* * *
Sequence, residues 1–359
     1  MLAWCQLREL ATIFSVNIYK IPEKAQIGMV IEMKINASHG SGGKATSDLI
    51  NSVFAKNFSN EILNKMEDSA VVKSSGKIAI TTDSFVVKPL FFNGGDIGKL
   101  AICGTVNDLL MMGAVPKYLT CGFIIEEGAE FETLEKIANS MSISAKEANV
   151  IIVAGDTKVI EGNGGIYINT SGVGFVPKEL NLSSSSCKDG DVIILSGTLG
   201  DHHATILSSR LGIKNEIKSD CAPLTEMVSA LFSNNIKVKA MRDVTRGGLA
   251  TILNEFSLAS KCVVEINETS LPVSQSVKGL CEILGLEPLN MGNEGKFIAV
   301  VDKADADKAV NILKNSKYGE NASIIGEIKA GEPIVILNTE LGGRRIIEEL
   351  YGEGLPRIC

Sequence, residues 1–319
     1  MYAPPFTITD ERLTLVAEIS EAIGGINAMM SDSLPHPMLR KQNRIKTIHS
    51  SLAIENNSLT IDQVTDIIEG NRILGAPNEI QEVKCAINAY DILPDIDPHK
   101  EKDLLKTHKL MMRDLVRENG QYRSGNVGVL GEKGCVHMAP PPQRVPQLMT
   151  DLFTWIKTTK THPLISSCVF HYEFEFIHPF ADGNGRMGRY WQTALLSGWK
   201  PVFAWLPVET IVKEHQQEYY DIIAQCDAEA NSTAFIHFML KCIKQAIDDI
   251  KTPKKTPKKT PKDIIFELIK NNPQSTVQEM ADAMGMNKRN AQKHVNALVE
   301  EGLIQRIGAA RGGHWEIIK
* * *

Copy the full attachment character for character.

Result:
Sequence, residues 1–359
     1  MLAWCQLREL ATIFSVNIYK IPEKAQIGMV IEMKINASHG SGGKATSDLI
    51  NSVFAKNFSN EILNKMEDSA VVKSSGKIAI TTDSFVVKPL FFNGGDIGKL
   101  AICGTVNDLL MMGAVPKYLT CGFIIEEGAE FETLEKIANS MSISAKEANV
   151  IIVAGDTKVI EGNGGIYINT SGVGFVPKEL NLSSSSCKDG DVIILSGTLG
   201  DHHATILSSR LGIKNEIKSD CAPLTEMVSA LFSNNIKVKA MRDVTRGGLA
   251  TILNEFSLAS KCVVEINETS LPVSQSVKGL CEILGLEPLN MGNEGKFIAV
   301  VDKADADKAV NILKNSKYGE NASIIGEIKA GEPIVILNTE LGGRRIIEEL
   351  YGEGLPRIC

Sequence, residues 1–319
     1  MYAPPFTITD ERLTLVAEIS EAIGGINAMM SDSLPHPMLR KQNRIKTIHS
    51  SLAIENNSLT IDQVTDIIEG NRILGAPNEI QEVKCAINAY DILPDIDPHK
   101  EKDLLKTHKL MMRDLVRENG QYRSGNVGVL GEKGCVHMAP PPQRVPQLMT
   151  DLFTWIKTTK THPLISSCVF HYEFEFIHPF ADGNGRMGRY WQTALLSGWK
   201  PVFAWLPVET IVKEHQQEYY DIIAQCDAEA NSTAFIHFML KCIKQAIDDI
   251  KTPKKTPKKT PKDIIFELIK NNPQSTVQEM ADAMGMNKRN AQKHVNALVE
   301  EGLIQRIGAA RGGHWEIIK